March Training hints

March is here Ė Spring is on the way!

It is difficult to know what the weather will do, but at least the daylight hours are getting longer!


On those sunny winter days it has been great to get on the bike and enjoy the countryside while getting some training in. Maybe you have had a chance to try some hills (or even mountains!)


March is a good time of year to build basic endurance, to practice peloton riding, descending and bike handling. It may also be a good time to pick up a bargain bike, as some retailers are selling off last yearís stock at reduced prices!


Training Frequency

The frequency of training sessions is an important factor. According to the sports science manuals, you need to train at least twice a week to improve your fitness. Three times a week may be even more beneficial when it is possible. Donít forget the rest days and recovery rides though!

Weekends: When the weather is good, at this time of year training may consist of a fairly leisurely 50 mile ride at the weekend with friends to a tea shop or pub and back, with a couple of hills thrown in for good measure. Or if you are training alone, you may want to head off at a comfortable speed round an interesting 50 mile circuit, with a couple of nice descents. Riding by feel rather than by the speedo is probably better at this time of year.

Evenings: Most of us are not too keen to do miles in the dark when it is cold or rainy, and it may be unwise from a safety point of view, so the turbo trainer or the gym make good alternatives. Maybe you will be able to follow on from previous training and increase your intensity towards the 200W level.

Be warned though Ė the same intensity may register 200W on one machine and 350W on the machine next to it!

Commuting: As the daylight hours become longer, cycle commuting is a good training opportunity. As it tends to be over a fixed distance, the time taken gives a useful measure of fitness, when road conditions are suitable. Obviously this needs tempering with common sense, so that you donít arrive at work too exhausted! For some people, commuting is almost their only training opportunity, in which case an occasional extended ride may be possible when the weather and commitments permit. People have had excellent results simply by commuting 11 miles each way to work, and augmenting this with 3-5 hour rides on alternate Sundays, or with sessions in the gym.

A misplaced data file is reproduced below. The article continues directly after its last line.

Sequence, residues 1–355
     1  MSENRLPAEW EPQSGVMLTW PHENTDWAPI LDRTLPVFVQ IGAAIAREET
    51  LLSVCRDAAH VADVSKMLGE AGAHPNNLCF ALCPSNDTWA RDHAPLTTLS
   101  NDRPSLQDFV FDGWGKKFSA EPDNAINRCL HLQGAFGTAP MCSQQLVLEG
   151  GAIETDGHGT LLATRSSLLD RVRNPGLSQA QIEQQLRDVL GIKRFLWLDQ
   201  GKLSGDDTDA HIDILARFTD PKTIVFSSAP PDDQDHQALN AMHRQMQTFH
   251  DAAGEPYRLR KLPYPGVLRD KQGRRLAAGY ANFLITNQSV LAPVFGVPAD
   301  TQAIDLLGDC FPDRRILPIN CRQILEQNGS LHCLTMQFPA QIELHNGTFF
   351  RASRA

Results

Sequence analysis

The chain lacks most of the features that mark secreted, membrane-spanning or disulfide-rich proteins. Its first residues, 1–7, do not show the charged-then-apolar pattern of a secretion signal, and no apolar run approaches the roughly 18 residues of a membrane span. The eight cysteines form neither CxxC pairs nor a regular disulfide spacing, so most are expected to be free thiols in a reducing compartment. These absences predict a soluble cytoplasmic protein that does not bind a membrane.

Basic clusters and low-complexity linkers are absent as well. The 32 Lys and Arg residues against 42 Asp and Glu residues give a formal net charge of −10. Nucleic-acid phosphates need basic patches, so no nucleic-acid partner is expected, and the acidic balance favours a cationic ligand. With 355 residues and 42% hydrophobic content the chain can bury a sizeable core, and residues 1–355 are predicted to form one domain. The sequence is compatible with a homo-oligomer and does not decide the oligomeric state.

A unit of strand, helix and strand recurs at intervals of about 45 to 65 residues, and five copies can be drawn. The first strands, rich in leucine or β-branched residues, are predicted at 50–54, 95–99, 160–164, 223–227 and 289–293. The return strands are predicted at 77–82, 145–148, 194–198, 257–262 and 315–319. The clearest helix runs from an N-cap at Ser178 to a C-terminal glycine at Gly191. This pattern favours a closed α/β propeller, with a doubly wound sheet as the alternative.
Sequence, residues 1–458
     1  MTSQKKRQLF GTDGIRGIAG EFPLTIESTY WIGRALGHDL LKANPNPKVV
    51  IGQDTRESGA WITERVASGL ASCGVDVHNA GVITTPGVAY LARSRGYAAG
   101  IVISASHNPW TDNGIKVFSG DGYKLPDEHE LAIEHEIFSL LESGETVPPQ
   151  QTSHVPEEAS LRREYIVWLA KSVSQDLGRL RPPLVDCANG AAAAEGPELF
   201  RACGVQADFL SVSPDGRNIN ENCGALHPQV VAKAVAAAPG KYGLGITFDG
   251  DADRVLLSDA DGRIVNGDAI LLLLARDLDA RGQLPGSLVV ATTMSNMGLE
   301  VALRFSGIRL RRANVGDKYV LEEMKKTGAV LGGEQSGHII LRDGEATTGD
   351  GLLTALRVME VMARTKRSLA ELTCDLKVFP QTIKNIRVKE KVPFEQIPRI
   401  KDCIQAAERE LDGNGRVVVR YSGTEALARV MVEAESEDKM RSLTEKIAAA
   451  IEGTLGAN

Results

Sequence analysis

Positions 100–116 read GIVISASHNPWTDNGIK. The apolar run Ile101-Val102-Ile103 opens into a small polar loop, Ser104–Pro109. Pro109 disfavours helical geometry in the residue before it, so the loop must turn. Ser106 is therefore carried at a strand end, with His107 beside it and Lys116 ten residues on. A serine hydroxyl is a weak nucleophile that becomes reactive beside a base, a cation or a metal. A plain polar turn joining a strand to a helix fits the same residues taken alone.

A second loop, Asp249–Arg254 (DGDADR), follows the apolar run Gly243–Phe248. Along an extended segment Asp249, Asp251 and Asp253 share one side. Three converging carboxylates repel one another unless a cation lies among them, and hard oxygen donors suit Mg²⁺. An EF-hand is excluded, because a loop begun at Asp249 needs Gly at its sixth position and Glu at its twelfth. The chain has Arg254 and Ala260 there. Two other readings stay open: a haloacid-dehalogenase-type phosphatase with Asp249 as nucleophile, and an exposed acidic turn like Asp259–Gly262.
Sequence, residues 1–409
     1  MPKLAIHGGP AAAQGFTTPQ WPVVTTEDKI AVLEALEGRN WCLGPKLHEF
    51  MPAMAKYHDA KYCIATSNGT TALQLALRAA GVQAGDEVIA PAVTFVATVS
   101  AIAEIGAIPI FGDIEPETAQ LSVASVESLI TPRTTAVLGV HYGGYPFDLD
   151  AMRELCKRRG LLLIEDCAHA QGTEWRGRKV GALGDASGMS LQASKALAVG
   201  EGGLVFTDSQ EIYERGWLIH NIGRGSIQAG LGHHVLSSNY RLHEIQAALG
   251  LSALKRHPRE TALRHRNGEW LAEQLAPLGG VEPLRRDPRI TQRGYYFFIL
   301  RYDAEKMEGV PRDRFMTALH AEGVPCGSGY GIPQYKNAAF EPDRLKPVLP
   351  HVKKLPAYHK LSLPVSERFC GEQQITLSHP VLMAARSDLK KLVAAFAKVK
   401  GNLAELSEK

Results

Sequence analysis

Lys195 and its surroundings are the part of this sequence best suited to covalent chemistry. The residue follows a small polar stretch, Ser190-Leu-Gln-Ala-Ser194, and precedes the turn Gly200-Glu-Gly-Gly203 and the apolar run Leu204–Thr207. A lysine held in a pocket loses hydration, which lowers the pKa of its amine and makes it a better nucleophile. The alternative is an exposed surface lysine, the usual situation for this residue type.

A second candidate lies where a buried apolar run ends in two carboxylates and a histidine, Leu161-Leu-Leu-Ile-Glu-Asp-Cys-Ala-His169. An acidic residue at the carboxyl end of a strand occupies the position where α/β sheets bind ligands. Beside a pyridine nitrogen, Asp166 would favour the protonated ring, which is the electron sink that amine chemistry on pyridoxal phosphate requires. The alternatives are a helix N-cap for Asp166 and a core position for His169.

Training Intensity

The intensity of your training rides should be quite low at this time of year, as you build up endurance. You need to recover between training sessions if you are to get fitter rather than become exhausted. If you are training many times a week, the intensity may need to be lower to allow for recovery before the next session. If you have symptoms of over-training you may need a few days break from training.

Setting Targets

Targets are very useful for concentrating the mind. Orienting your training towards a charity ride, an Audax or a sportive is extremely useful. For example a 100Km Audax in March and a 200km Audax in May would pace your training nicely ready for the big challenge.

If you are one of the few people already in the 100 mile league this year, maybe it is time to start concentrating on speed over fixed distances!

Training Camps and Cycling Holidays

If you are lucky enough to be able to go on a training camp in Mallorca or another warm and mountainous area, your fitness should benefit considerably. If you have holiday companions who cycle but are more sedate in their style, you may be able to sneak off for a challenging ride for a day, for example to try out part of the route of one of the great continental cycle races such as the Vuelta díItalia. On a family holiday it may still be possible to hire a bike for a day or two and head for the mountains.

Obviously training needs to be kept in balance with more important commitments!

Monitoring your Training

The obvious thing to monitor at this time of year is distance, gradually increasing the lengths of your rides. At this stage, a flat fairly leisurely 45 mile ride should not be too great difficulty, though a very hilly 45 miles may be quite tiring. A 60 mile ride, if not yet attainable, should not be too far away. You may want to increase your distance each week, or maybe increase the length of your longest ride (though this will not always be possible).

If you are monitoring your fitness in the gym it is useful to monitor your heart rate and wattage. If possible use the same machine each week if you are measuring wattage, as machines vary a lot.

Plotting a graph of heart rate vs power every few weeks provides a useful insight into your fitness improvements, as power output at a given heart rate will generally improve as you get fitter.

It is also interesting to record your average speed over a given distance, if only to prove that you are able to improve it later!

Enjoy your rides, find some nice routes, get fit - and donít overdo it (too much!)